A year later, he did some survey work for the city of Florence trying to divert the Arno River, but the plans to divert the river proved impossible and were abandoned. During this year he was also commissioned to paint a massive mural, Battle of Anghiari for the council hall in Florence twice the size of the Last Supper.  For three years he worked on the mural. These years were also dedicated to scientific discovery for Da Vinci. He did dissections at the hospital to study the human organism, studied the flight of birds, broadened his studies on hydraulics and the movement of water. 

The French governor in Milan, Charles d’Amboise asked the Signoria if Da Vinci could come and work for him in Milan, in 1506. They agreed and because of this move, the Battle of Anghiari was never completed.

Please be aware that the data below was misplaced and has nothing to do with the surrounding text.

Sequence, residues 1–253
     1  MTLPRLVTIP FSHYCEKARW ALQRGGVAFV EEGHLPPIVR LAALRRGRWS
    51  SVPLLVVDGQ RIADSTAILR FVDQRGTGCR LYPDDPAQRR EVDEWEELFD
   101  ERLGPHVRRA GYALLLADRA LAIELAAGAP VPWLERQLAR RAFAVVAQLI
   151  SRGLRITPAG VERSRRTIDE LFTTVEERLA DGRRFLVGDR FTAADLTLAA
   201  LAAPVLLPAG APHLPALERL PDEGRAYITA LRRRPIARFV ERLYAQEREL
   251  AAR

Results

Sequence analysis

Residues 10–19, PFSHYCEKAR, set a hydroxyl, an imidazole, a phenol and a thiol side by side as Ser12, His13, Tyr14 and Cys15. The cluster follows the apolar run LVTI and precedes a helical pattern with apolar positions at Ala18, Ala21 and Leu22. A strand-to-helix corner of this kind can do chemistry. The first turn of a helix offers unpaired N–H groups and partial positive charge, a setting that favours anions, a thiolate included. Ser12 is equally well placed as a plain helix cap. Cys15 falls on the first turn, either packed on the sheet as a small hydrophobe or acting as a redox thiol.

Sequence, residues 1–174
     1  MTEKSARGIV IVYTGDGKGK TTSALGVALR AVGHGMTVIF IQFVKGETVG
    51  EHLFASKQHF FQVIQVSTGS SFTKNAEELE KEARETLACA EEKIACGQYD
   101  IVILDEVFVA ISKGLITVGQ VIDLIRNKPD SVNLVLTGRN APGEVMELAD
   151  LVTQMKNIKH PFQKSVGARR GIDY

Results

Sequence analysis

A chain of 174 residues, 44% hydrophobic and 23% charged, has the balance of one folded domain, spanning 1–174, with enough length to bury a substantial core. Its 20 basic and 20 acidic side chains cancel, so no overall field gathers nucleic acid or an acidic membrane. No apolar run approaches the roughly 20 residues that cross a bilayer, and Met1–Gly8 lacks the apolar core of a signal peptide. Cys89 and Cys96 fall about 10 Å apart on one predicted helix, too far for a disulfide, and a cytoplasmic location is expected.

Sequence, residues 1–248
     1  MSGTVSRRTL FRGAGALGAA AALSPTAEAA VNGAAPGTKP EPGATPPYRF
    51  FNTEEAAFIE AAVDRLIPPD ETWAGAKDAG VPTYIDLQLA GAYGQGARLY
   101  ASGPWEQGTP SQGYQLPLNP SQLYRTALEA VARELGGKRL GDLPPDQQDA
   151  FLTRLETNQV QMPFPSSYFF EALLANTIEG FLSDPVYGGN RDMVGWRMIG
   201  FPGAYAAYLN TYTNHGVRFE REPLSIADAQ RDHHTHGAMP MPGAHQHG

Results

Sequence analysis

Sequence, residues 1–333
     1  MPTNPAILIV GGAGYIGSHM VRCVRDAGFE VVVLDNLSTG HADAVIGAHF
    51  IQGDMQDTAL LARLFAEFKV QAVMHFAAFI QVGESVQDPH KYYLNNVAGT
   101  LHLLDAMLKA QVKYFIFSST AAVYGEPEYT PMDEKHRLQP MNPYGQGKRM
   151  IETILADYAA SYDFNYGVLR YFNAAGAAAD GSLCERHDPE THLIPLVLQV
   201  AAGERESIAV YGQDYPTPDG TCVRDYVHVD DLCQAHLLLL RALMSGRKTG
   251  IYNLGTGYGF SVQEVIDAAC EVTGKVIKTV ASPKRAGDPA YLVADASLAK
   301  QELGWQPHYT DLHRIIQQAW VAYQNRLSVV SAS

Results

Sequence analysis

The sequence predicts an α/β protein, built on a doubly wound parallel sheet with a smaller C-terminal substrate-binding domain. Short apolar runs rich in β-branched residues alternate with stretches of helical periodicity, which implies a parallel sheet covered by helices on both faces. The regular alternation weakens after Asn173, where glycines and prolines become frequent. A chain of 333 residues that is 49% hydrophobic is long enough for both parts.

• The Second Period in Milan

During his second stay in Milan, Leonardo’s patrons, Charles d’Amrosie and King Louis XII relied on his technical advice in many architectural matters. He did little painting, and this period depicts his interest in how things work and are put together.

He was commissioned to sculpt a very elaborate tomb for a Frenchman of which many sketches still exist, but these ideas were eventually abandoned when the French were driven from Milan. His studies in anatomy and science also continued. He made plans for a human flying machine and created several sketches of weapon inventions. 

  • His Last Years

Because of the political unrest in Milan, Leonardo moved to Rome where the brother of the new pope gave him lodging and a monthly stipend. Here he dabbled in various artistic, architectural, and scientific projects but after 3 years, when the French yet again took over Milan, Leonardo at the age of 65 moved for the last time.